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Literacy and Teaching English as a Second Language

This guide provides UC students, staff and faculty with key article databases, links to e-books/books, websites and other resources useful for English as a Second Language instruction and research.

Overview

There are eight general steps in conducting an education literature review.  Please follow the eight numbered boxes, starting below.

Please note that the general framework for this guide is derived from the work of Joyce P. Gall, M.D. Gall, and Walter R. Borg in Applying Educational Research: a Practical Guide (5th ed., 2005). Also, much of the information on framing the research question comes from Emily Grimm's "Selected Reference Sources for Graduate Students in Education and Education Related Areas" (1995).

 

1.) Frame Your Research Question(s)

Basic Questions

  • What do I want to know?  For what purpose? Consider subject terms, synonyms, related concepts and approaches.
  • What do I know already?
  • Who else might have performed similar research and why? Consider individuals, institutions, governmental agencies and other groups.
  • What summarizing or descriptive information is already available? Consider the secondary sources found below.

Time Questions

  • For which time span(s) do I need information?
  • Would recurrent or temporal events in education affect my research?  For example: school terms, budget hearings, conference proceedings, legislative sessions, policy decisions, elections, administrative procedural changes.

Limitation(s) Questions

  • Do I have other limitations?  For example:  language, age group, grade level, type of student, type of school, type of district, geography, curricular area, or style of teaching.

Aspect Questions

  • What aspects of education interest me?  For example:  financial, administrative, teaching, legislative, gender, parental, theoretical, research, developmental, practical or other.

Subjective Aspect Questions

  • What are my values, prejudices, biases, and areas of ignorance in regard to my research question(s)?
  • Will I let these prejudices limit my research?
  • Will I let these prejudices influence my note taking, choice of vocabulary and indexing terms, selection of data, evaluations of the work of other researchers, inclusion of conflicting theories, reporting of data, or my conclusions?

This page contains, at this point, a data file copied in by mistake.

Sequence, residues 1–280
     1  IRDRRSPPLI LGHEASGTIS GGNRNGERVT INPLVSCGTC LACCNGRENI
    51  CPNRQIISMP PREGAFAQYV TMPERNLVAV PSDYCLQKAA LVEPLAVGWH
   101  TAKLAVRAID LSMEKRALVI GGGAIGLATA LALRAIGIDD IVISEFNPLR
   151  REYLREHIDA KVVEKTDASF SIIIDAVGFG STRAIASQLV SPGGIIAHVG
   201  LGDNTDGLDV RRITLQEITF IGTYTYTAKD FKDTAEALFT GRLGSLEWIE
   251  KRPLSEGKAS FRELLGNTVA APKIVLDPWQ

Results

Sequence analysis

2.) Contact Experts to Get Answers or for Guidance to Relevant Publications

Consider consulting other educators, faculty or government officials who may specialize in your research area.

You may also want to consult the American Educational Research Association SIG (Special Interest Group) website for the names of groups and individuals who have expertise in different educational areas.  AERA provides the names, addresses, e-mail addresses, and phone numbers of individuals doing research in a variety of areas.

3.) Read Secondary Sources to Gain a Broad Overview of the Literature Related to Your Research Area

Use secondary sources to further define your research question and to expand your literature search.  Secondary sources include encyclopedias, handbooks, dictionaries, and thesauri. Secondary sources are resources that review research that others have done.  They provide a general overview, will give you ideas for key search terms, and often include useful bibliographies for further reading.

Here are some key secondary sources and books on doing educational research:

4.) Select Preliminary Sources that Index Relevant Research Literature

Preliminary sources index primary research resources such as journal articles, conference proceeding papers, technical reports, government documents, dissertations and more.  The CECH Library has created several specialized e-library guides on topics such as special education, instructional design & technology, and teaching STEM related topics that list which resources are most helpful for doing research in these areas. Click here to access a list of library e-guides. Otherwise, here are key education databases:

5.) Identify Subject Terms, or Descriptors, and Use Them to Search Preliminary Sources

Choosing the most appropriate subject search terms, or descriptors, for searching indexes and catalogs can greatly influence your search results.  A good place to start is ERIC's thesaurus of descriptors:

6.) Read and Evaluate Primary Sources Discovered Through Indexes

For assistance in obtaining copies of primary sources, please consult UC Libraries' online tutorials.

As you print out copies of articles, review copies of books or reports, remember to look in the sources for bibliographies, names of individuals or groups who have done research on the topic, and for additional subject terms to help you narrow or broaden your research.

7.) Classify the Publications You Have Reviewed into Meaningful Categories

As you review the sources you find, classify them into meaningful categories.  This will help you prioritize reading them and may indicate useful ways to synthesize what you discover.  You may want to create a simple code for the different categories.

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